Our View of the Legislature: Auxiliary Grants

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The disAbility Law Center of Virginia is available to educate policymakers about the implications of the decisions before them.  Please continue to check back here for updates as the session proceeds, and let us know of any legislative proposals or budget issues that you think we should be following.  Contact us at info@dlcv.org or by calling 1-800-552-3962 or 804-225-2042.

We are following the two budget bills to track their impact on people with disabilities.  Of concern had been an item in the Senate budget bill relating to auxiliary grant awards.

When Senator Hanger announced a proposed 20% increase in the auxiliary grant awards, he stated that it would be for people in assisted living facilities.  This sounded similar to a bill proposed by Senator Dunnavant, SB 1185, which provided for an increase in the auxiliary grants, but only in large assisted living facilities.  SB 1185 was tabled in Senate Finance, but appeared to have been resurrected in the senate budget.

The auxiliary grant program provides supplemental funding to social security recipients who are living in assisted living facilities, adult foster care, or permanent supportive housing.  To increase the grant amount only in the large segregated setting of assistive living facilities, and not for the more integrated programs, like adult foster care and permanent supportive housing, dLCV stated, would violate the Americans with Disabilities Act.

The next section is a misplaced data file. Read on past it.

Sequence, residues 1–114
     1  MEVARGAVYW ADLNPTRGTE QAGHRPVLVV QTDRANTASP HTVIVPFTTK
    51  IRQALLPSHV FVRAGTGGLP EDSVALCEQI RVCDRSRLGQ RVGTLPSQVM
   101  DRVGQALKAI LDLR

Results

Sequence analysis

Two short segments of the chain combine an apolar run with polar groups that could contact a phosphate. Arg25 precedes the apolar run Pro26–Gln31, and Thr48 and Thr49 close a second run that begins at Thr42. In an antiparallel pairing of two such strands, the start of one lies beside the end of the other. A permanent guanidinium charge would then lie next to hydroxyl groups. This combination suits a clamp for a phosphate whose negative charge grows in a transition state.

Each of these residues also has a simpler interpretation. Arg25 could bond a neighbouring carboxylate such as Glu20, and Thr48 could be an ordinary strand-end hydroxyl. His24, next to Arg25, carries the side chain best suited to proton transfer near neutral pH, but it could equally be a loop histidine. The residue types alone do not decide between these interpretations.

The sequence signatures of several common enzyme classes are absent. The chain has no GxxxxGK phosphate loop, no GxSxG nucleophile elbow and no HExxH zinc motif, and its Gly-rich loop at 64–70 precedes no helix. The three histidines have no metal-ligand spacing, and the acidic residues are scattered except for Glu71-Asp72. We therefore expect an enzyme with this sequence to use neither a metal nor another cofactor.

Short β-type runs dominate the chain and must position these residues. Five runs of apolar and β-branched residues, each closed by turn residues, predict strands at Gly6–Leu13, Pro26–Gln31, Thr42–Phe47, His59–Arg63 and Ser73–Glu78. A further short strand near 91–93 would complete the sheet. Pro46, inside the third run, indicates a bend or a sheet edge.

Fortunately, the Senate Budget proposal was not as limited as announced. Senator Favola asked the question on the Senate floor to publicly clarify that Item 353, 1s, would increase the auxiliary grant by 20% in all settings where the auxiliary grant in available, regardless of size.

The increase must be approved by both the Senate and the House to take effect.  We do not expect a final budget until much closer to the end of the session, February 27, 2021.

It is the mission of the disAbility Law Center of Virginia to advance independence, choice and self-determination; protect legal, human and civil rights; and eliminate abuse, neglect and discrimination of people with disabilities through zealous and uncompromising legal advocacy and representation.